I read a recent article by Jeff Haden in Inc. online (http://www.inc.com/jeff-haden/best-interview-technique-you-never-use.html), which tells of the best interview technique that most interviewers fail to use. He is writing about the simple art of listening. Too often, interviewers are so busy with the importance of their questions in their mind they fail to actually listen to their targets. A lot of interviewers even start asking the next question before the respondent is finished answering the previous question. Mr. Haden’s shared the secret used by Jim Lehrer, the famous anchor on the PBS NewsHour, which is to count to five silently after the respondent finishes before you ask the next question. What a brilliant idea. It is a natural for everyone to want to fill spaces of silence. So what do they fill it with? They fill it with more information, insight and thoughts that would be lost if not for that technique. This is so important to understanding the person you are speaking with and seeing more into their mind and the information that they are conveying. Although Mr. Haden’s perspective is that of a job interview, this technique works with many other situations. When you have a subordinate that has made a bad decision, listen for what was behind that decision to identify the root of poor choice. Such revelation will help you guide them in future decision making. When a customer turns away from your products claiming its price; listen further for what really drives that decision as you may be surprised in what you learn.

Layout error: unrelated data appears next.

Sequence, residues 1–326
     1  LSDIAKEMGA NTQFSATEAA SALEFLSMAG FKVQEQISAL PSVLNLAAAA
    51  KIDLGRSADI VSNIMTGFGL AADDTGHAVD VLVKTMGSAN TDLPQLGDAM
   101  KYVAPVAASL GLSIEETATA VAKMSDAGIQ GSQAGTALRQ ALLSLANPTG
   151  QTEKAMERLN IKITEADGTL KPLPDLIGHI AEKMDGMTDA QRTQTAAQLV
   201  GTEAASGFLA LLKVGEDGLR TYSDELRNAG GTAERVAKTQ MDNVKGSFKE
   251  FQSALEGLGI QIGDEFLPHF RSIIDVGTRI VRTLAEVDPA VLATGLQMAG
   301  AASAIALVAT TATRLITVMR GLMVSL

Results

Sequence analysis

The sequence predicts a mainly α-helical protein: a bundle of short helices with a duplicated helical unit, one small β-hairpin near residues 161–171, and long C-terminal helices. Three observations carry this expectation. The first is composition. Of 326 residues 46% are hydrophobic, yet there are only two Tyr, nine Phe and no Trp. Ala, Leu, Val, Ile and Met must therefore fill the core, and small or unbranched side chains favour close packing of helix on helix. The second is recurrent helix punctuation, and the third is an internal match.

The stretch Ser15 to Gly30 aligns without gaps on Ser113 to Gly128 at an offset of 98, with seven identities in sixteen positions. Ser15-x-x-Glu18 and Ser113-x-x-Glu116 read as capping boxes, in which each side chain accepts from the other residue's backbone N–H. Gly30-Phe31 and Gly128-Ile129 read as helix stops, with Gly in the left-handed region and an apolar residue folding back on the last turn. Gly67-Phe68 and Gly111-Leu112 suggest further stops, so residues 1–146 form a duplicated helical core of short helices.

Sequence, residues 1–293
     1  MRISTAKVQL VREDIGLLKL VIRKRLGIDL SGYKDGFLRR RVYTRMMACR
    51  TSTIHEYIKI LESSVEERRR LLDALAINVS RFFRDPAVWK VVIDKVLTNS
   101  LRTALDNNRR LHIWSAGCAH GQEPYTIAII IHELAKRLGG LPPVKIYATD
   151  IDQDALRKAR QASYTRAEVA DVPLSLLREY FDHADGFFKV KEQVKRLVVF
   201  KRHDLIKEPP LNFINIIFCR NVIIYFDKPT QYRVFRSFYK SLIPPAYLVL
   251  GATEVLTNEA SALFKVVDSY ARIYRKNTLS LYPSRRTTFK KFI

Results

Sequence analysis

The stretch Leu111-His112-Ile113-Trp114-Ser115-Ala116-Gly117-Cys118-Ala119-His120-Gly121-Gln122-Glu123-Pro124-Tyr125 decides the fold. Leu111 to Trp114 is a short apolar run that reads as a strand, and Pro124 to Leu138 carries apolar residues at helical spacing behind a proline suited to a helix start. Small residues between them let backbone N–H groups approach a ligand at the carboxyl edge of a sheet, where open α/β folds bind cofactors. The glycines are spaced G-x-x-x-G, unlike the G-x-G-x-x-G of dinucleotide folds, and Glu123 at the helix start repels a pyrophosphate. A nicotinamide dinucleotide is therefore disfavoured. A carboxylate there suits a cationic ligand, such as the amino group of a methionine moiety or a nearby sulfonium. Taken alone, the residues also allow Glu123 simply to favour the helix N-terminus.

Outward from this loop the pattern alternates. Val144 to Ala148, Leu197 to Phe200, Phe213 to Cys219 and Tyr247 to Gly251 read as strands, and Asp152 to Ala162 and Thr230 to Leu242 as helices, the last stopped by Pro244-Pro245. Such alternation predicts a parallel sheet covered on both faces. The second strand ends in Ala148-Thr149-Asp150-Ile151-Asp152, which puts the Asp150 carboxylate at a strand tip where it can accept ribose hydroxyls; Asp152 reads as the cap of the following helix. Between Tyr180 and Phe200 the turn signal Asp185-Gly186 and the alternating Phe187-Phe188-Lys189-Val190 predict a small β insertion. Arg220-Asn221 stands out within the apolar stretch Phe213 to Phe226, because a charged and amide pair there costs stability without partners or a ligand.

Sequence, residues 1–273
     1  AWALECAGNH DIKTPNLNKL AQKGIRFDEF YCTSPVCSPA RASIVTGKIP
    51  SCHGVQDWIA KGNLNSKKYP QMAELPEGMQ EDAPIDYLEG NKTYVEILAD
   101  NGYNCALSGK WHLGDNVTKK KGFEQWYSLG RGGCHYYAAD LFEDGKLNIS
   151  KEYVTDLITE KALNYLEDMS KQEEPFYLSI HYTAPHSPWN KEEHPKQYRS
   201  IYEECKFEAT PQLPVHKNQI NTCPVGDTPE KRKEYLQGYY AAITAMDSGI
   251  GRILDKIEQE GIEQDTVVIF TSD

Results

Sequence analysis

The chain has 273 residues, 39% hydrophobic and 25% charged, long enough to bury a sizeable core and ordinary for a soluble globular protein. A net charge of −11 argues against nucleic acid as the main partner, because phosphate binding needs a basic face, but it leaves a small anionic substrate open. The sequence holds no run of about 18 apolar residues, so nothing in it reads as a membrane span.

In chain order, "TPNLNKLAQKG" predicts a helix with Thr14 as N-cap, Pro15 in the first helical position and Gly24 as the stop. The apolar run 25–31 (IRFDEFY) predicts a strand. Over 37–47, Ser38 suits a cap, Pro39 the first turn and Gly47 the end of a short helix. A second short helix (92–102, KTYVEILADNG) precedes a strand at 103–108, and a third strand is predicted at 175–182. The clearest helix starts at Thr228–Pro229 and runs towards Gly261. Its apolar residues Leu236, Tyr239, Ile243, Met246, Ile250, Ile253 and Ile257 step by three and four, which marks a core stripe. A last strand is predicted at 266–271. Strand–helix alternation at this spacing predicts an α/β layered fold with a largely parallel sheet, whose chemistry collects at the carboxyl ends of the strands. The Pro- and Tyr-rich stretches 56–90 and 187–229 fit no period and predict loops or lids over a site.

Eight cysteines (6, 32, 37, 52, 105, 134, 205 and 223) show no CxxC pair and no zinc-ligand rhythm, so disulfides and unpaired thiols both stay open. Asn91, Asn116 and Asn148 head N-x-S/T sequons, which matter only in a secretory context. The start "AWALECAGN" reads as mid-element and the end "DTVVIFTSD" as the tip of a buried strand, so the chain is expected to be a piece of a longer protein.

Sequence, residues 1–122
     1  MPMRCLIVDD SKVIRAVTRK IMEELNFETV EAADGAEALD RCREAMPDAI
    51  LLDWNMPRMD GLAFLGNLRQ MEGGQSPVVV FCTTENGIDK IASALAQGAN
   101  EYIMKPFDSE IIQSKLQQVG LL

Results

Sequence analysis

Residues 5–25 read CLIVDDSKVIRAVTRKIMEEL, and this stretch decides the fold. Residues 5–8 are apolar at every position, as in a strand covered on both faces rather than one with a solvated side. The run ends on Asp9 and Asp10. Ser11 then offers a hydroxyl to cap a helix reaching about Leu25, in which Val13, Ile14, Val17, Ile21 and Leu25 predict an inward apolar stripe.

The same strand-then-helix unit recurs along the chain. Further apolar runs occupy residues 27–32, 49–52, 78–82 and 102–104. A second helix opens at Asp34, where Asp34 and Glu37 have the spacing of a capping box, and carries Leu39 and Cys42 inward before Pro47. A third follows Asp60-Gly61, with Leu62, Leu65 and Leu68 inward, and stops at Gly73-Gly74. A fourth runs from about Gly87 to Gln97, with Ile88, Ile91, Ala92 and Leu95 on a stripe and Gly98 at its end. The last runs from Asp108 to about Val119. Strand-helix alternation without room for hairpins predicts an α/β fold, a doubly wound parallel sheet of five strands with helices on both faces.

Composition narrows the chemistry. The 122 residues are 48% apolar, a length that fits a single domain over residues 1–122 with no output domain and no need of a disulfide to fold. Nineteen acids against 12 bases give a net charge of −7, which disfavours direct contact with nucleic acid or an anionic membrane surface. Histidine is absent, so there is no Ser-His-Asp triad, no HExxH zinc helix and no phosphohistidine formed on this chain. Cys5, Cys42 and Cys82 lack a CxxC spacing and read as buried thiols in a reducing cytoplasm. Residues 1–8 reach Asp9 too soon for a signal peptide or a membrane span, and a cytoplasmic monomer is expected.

In Mr. Haden’s article, he cites a quote by Jim Lehrer to management coach Rodger Dean Duncan in the book Change-Friendly Leadership. This quote is so on the money that I will be sharing this with those whom I mentor.
“Lehrer: If you resist the temptation to respond too quickly to the answer, you’ll discover something almost magical. The other person will either expand on what he’s already said or he’ll go in a different direction. Either way, he’s expanding his response, and you get a clear view into his head and heart.”
Larry King said it best, when he said “I never learned anything while I was talking.”